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. 2012 Dec;196(4):1240-50.
doi: 10.1111/j.1469-8137.2012.04370.x. Epub 2012 Oct 18.

A Multivariate Analysis of Variation in Genome Size and Endoreduplication in Angiosperms Reveals Strong Phylogenetic Signal and Association With Phenotypic Traits

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A Multivariate Analysis of Variation in Genome Size and Endoreduplication in Angiosperms Reveals Strong Phylogenetic Signal and Association With Phenotypic Traits

Jillian D Bainard et al. New Phytol. .
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Abstract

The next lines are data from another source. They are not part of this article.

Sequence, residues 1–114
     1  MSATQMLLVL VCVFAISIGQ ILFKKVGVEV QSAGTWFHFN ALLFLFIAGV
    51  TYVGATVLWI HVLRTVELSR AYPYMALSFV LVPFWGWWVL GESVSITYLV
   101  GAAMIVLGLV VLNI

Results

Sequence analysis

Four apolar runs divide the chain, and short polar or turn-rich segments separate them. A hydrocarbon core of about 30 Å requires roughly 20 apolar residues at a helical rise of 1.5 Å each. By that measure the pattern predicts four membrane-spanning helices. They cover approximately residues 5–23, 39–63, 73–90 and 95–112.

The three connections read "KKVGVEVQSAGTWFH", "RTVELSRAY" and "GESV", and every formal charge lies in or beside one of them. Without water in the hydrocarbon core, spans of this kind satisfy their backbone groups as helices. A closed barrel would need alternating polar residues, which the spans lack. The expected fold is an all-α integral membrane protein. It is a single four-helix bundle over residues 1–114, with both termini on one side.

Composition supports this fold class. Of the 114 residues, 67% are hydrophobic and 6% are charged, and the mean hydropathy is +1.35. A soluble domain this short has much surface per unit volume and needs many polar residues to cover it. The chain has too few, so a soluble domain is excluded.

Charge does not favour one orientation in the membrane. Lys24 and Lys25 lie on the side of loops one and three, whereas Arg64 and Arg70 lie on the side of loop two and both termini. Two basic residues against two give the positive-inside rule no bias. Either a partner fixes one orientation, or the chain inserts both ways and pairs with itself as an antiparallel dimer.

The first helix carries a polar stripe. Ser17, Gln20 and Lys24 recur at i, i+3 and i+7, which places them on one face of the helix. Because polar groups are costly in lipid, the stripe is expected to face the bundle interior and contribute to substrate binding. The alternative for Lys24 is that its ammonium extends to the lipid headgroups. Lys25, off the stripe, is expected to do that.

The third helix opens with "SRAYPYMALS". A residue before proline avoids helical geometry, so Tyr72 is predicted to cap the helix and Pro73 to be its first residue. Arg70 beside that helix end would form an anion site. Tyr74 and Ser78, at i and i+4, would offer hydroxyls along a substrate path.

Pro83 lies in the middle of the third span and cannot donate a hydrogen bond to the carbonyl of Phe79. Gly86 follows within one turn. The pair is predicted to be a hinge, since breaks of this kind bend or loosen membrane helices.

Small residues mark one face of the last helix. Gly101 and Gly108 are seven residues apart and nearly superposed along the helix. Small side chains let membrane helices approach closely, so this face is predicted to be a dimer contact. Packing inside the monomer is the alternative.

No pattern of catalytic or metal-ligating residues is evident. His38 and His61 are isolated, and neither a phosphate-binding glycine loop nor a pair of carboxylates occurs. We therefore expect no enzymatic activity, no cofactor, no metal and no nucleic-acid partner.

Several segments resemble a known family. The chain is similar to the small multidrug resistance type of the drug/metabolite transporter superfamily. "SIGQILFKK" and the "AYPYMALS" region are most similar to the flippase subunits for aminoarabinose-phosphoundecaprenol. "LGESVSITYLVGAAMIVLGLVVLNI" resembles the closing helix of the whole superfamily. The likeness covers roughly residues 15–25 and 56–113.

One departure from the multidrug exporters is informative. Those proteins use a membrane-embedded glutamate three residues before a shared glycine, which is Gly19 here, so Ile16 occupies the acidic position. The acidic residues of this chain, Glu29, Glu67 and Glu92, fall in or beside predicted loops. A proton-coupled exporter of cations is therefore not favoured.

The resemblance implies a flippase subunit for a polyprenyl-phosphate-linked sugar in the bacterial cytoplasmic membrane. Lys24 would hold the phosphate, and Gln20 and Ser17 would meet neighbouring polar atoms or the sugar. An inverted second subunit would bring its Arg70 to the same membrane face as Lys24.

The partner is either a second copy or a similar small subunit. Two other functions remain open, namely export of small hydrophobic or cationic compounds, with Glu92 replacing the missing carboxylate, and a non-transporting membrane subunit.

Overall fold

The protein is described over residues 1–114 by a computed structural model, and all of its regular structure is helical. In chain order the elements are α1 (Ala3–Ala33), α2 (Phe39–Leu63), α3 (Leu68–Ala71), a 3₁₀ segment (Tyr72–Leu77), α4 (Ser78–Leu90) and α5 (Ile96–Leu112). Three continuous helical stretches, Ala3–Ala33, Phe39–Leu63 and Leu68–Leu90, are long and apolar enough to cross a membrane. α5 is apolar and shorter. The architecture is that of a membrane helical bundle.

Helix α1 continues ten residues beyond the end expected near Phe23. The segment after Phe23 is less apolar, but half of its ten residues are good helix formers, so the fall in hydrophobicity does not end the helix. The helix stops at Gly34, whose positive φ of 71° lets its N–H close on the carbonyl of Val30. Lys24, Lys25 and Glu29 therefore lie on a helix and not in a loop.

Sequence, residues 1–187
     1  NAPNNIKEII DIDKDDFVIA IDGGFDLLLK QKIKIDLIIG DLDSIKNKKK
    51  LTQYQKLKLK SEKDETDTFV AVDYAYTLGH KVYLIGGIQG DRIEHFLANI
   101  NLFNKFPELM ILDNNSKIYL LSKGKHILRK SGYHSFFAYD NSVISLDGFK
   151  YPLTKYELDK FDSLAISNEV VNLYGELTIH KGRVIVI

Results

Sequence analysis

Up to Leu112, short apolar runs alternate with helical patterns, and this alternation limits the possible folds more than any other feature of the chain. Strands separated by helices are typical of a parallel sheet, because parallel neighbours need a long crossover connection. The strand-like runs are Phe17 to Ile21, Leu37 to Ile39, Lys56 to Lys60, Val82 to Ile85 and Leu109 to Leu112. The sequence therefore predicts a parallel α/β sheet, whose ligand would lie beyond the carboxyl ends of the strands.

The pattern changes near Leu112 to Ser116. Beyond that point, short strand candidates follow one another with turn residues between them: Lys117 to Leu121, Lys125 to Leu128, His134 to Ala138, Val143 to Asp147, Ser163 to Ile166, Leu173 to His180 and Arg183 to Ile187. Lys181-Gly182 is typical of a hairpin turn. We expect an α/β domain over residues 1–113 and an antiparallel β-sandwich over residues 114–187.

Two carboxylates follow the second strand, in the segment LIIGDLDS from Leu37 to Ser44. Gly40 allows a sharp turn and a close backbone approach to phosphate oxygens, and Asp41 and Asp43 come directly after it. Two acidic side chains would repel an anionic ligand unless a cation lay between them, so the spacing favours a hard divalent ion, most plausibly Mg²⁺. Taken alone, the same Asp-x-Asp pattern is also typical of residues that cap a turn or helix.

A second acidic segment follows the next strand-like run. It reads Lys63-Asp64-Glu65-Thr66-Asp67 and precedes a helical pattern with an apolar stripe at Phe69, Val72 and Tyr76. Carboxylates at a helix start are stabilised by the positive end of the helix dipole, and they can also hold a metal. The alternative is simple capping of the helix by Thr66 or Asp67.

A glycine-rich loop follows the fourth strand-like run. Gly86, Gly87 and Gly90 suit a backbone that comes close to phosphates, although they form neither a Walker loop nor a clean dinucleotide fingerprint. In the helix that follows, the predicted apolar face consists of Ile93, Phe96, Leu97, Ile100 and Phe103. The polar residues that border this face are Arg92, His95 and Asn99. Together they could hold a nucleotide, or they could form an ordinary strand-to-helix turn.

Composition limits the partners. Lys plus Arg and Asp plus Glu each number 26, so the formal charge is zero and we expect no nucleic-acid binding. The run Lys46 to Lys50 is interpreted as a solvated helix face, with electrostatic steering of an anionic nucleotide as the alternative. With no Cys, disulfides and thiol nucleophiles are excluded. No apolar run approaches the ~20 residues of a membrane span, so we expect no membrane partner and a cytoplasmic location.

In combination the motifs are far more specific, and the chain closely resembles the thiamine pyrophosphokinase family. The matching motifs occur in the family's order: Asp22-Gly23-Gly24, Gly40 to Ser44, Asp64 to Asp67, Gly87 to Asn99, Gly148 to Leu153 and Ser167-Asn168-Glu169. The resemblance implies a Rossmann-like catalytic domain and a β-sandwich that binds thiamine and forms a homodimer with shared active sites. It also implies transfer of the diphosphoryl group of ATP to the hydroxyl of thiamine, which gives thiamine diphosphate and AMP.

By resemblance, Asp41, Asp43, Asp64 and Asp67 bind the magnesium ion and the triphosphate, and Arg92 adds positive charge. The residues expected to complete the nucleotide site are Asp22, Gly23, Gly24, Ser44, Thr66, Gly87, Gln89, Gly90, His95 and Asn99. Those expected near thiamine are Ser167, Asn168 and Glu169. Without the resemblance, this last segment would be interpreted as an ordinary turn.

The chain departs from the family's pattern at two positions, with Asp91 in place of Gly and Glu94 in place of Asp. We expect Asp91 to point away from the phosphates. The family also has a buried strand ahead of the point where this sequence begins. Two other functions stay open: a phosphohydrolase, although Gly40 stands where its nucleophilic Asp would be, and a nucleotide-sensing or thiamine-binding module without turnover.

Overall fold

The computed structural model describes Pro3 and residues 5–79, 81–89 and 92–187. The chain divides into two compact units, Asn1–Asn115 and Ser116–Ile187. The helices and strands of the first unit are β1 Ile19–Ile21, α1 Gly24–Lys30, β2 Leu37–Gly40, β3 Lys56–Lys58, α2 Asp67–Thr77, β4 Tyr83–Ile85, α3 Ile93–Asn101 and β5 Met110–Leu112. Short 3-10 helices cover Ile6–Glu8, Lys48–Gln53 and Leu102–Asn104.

Genome size (C-value) and endopolyploidy (endoreduplication index, EI) are known to correlate with various morphological and ecological traits, in addition to phylogenetic placement. A phylogenetically controlled multivariate analysis was used to explore the relationships between DNA content and phenotype in angiosperms. Seeds from 41 angiosperm species (17 families) were grown in a common glasshouse experiment. Genome size (2C-value and 1Cx-value) and EI (in four tissues: leaf, stem, root, petal) were determined using flow cytometry. The phylogenetic signal was calculated for each measure of DNA content, and phylogenetic canonical correlation analysis (PCCA) explored how the variation in genome size and EI was correlated with 18 morphological and ecological traits. Phylogenetic signal (λ) was strongest for EI in all tissues, and λ was stronger for the 2C-value than the 1Cx-value. PCCA revealed that EI was correlated with pollen length, stem height, seed mass, dispersal mechanism, arbuscular mycorrhizal association, life history and flowering time, and EI and genome size were both correlated with stem height and life history. PCCA provided an effective way to explore multiple factors of DNA content variation and phenotypic traits in a phylogenetic context. Traits that were correlated significantly with DNA content were linked to plant competitive ability.

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